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Hoffmann, R. A wiki for the life sciences where authorship matters. Nature Genetics (2008)

Prevention of Type 2 diabetes: fact or fiction?

The growing prevalence of Type 2 diabetes with its high morbidity and excess mortality is imposing a heavy burden on healthcare systems. Because of the magnitude of the problem, obviating diabetes has been a long-standing dream. In the last decade, a number of intervention strategies have been shown to be effective for the prevention of diabetes in high-risk populations with prediabetes. Seven studies have now confirmed that lifestyle modifications, including weight-reducing diets and exercise programs, are very effective in precluding or delaying Type 2 diabetes in high-risk populations with impaired glucose tolerance (IGT). Two major trials are the Diabetes Prevention Study (n = 522) from Finland and the Diabetes Prevention Program (n = 3234) from the US. Both studies have shown that intensive lifestyle intervention could reduce the progression of IGT to diabetes by 58%. Furthermore, four currently-available drugs have been established as being effective in preventing diabetes in subjects with prediabetes. The Diabetes Prevention Program revealed that metformin 850 mg b.i.d. reduced the risk of diabetes by 31%. The STOP-NIDDM (Study To Prevent Non-Insulin-Dependent Diabetes Mellitus) trial (n = 1429) showed that acarbose 100 mg t.i.d. with meals decreased the incidence of diabetes by 36% when the diagnosis was based on 2 oral glucose tolerance tests. The XENDOS (Xenical in the Prevention of Diabetes in Obese Subjects) study examined the use of orlistat, an antiobesity drug, as an adjunct to an intensive lifestyle modification program in obese non-diabetic subjects. Orlistat treatment resulted in a 37% decline in the development of diabetes. More recently, the DREAM (Diabetes Reduction Assessment with Ramipril and Rosiglitazone Medication) study (n = 5269) demonstrated that rosiglitazone at 8 mg once/day in subjects with prediabetes (IGT and/or impaired fasting glucose) was effective in reducing the risk of diabetes by 60%. It can be concluded that Type 2 diabetes can be prevented or delayed through lifestyle modifications and/or pharmacologic interventions. This is a fact.[1]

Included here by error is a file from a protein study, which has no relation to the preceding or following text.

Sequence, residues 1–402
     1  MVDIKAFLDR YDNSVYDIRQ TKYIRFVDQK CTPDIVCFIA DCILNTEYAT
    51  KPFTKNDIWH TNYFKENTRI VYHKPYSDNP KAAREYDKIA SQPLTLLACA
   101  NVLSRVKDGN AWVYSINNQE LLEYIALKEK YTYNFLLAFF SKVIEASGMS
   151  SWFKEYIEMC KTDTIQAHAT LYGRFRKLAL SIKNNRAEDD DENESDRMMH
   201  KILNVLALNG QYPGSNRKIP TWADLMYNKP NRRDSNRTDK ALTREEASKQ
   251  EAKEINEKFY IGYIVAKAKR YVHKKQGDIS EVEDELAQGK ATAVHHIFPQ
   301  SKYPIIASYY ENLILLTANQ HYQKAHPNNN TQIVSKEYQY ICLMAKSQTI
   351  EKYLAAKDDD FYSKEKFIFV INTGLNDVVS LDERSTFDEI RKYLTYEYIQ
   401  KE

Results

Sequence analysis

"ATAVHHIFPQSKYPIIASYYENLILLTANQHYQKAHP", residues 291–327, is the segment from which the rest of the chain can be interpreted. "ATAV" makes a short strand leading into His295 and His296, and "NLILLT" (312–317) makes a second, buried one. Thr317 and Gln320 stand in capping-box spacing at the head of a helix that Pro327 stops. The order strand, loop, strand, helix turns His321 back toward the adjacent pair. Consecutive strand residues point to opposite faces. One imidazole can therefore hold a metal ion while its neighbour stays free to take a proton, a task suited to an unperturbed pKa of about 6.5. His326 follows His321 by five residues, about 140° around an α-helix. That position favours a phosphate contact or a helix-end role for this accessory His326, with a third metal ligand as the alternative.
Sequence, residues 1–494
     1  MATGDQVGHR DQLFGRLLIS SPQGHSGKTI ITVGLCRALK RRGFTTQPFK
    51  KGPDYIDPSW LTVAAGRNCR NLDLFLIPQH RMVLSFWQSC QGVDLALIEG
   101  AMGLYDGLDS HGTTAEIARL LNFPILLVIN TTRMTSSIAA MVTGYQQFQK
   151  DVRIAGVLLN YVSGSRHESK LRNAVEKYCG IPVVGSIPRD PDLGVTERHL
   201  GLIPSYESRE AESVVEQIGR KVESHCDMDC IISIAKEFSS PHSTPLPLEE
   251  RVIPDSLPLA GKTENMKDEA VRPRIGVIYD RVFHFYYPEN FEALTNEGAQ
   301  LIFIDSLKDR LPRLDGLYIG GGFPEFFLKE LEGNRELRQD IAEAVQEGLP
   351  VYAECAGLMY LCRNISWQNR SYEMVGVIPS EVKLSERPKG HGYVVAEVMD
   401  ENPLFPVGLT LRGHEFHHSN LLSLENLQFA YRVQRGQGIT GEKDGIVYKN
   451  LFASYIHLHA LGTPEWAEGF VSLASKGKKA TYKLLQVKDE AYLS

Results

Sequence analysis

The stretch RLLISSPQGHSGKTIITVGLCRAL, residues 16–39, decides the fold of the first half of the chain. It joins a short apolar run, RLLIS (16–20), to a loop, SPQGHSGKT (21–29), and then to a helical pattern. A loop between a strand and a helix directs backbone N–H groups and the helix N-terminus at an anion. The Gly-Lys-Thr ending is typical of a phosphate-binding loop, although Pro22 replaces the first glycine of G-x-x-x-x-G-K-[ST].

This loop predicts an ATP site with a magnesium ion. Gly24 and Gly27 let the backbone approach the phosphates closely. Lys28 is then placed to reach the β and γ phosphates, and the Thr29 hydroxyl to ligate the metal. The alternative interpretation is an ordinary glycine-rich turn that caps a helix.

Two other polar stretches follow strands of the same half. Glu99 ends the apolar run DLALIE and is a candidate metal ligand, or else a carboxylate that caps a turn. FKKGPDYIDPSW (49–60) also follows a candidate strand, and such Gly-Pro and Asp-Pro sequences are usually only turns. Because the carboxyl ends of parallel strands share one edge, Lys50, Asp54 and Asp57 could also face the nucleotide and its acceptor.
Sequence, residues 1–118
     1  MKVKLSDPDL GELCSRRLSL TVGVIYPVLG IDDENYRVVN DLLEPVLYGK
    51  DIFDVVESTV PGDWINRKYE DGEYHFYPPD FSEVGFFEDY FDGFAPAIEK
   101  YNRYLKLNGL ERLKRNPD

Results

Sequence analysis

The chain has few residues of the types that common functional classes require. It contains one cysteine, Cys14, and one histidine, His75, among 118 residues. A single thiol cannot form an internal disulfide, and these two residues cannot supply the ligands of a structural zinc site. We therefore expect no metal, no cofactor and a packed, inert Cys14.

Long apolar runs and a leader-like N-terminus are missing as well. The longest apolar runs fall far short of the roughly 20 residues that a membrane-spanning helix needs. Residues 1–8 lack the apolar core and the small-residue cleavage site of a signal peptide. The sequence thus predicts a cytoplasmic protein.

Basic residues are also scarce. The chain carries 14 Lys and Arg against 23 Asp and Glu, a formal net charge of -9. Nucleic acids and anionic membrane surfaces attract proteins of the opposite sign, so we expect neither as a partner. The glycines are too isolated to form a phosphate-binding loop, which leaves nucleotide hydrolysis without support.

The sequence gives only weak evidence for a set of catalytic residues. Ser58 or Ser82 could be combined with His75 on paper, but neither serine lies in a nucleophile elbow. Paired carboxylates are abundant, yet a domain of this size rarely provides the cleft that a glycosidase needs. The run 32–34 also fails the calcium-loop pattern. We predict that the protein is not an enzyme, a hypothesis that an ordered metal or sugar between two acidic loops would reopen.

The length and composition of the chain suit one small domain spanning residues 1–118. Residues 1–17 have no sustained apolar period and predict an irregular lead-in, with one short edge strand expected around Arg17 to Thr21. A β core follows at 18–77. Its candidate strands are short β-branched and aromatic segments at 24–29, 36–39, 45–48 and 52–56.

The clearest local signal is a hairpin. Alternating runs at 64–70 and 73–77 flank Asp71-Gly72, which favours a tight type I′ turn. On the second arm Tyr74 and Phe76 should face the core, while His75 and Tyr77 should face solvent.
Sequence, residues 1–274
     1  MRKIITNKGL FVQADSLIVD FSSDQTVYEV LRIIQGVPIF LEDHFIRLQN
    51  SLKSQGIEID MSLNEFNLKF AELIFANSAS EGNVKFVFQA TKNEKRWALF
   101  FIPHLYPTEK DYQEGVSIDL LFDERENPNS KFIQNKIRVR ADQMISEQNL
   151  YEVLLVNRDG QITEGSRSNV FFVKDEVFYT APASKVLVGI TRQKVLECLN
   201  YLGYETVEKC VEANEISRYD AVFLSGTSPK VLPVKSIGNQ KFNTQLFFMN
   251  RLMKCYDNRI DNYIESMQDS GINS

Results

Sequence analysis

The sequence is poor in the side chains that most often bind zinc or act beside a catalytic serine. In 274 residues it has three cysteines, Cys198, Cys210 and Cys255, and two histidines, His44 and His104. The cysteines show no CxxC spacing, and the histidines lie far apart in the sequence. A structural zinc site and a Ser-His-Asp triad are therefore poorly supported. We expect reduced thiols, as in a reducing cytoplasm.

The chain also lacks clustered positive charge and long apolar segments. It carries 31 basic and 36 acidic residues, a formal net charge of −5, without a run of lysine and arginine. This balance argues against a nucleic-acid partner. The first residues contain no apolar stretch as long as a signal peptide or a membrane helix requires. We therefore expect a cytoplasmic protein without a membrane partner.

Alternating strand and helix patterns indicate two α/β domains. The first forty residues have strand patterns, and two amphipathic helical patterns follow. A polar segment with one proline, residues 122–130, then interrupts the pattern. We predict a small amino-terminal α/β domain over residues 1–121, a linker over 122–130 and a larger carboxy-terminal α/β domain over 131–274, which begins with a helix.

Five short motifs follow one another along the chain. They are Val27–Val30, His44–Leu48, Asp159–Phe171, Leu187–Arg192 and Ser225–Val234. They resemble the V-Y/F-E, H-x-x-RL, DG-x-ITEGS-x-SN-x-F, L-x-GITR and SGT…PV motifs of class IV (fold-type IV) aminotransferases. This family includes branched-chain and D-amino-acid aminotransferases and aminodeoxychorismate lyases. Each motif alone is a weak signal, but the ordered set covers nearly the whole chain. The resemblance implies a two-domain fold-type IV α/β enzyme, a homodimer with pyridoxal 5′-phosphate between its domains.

1. Prevention of Type 2 diabetes: fact or fiction? Chiasson, J.L. Expert. Opin. Pharmacother (2007) [Pubmed]
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